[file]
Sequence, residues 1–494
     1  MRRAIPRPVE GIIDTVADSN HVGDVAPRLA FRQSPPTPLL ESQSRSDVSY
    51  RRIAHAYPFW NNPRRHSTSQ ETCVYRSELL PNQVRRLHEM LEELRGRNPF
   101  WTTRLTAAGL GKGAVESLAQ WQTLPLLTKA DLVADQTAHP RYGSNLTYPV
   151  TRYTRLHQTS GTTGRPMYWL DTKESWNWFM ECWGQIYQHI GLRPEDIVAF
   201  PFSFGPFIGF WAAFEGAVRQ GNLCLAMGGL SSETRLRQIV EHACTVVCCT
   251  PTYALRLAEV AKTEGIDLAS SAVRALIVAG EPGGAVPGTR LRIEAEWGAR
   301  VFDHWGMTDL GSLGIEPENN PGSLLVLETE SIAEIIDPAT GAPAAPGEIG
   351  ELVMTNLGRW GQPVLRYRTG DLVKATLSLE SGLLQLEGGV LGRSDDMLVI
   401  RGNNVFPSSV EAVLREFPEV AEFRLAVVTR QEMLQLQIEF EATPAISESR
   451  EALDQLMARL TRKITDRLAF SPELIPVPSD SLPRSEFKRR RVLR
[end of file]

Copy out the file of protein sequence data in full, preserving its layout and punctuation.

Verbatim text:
Sequence, residues 1–494
     1  MRRAIPRPVE GIIDTVADSN HVGDVAPRLA FRQSPPTPLL ESQSRSDVSY
    51  RRIAHAYPFW NNPRRHSTSQ ETCVYRSELL PNQVRRLHEM LEELRGRNPF
   101  WTTRLTAAGL GKGAVESLAQ WQTLPLLTKA DLVADQTAHP RYGSNLTYPV
   151  TRYTRLHQTS GTTGRPMYWL DTKESWNWFM ECWGQIYQHI GLRPEDIVAF
   201  PFSFGPFIGF WAAFEGAVRQ GNLCLAMGGL SSETRLRQIV EHACTVVCCT
   251  PTYALRLAEV AKTEGIDLAS SAVRALIVAG EPGGAVPGTR LRIEAEWGAR
   301  VFDHWGMTDL GSLGIEPENN PGSLLVLETE SIAEIIDPAT GAPAAPGEIG
   351  ELVMTNLGRW GQPVLRYRTG DLVKATLSLE SGLLQLEGGV LGRSDDMLVI
   401  RGNNVFPSSV EAVLREFPEV AEFRLAVVTR QEMLQLQIEF EATPAISESR
   451  EALDQLMARL TRKITDRLAF SPELIPVPSD SLPRSEFKRR RVLR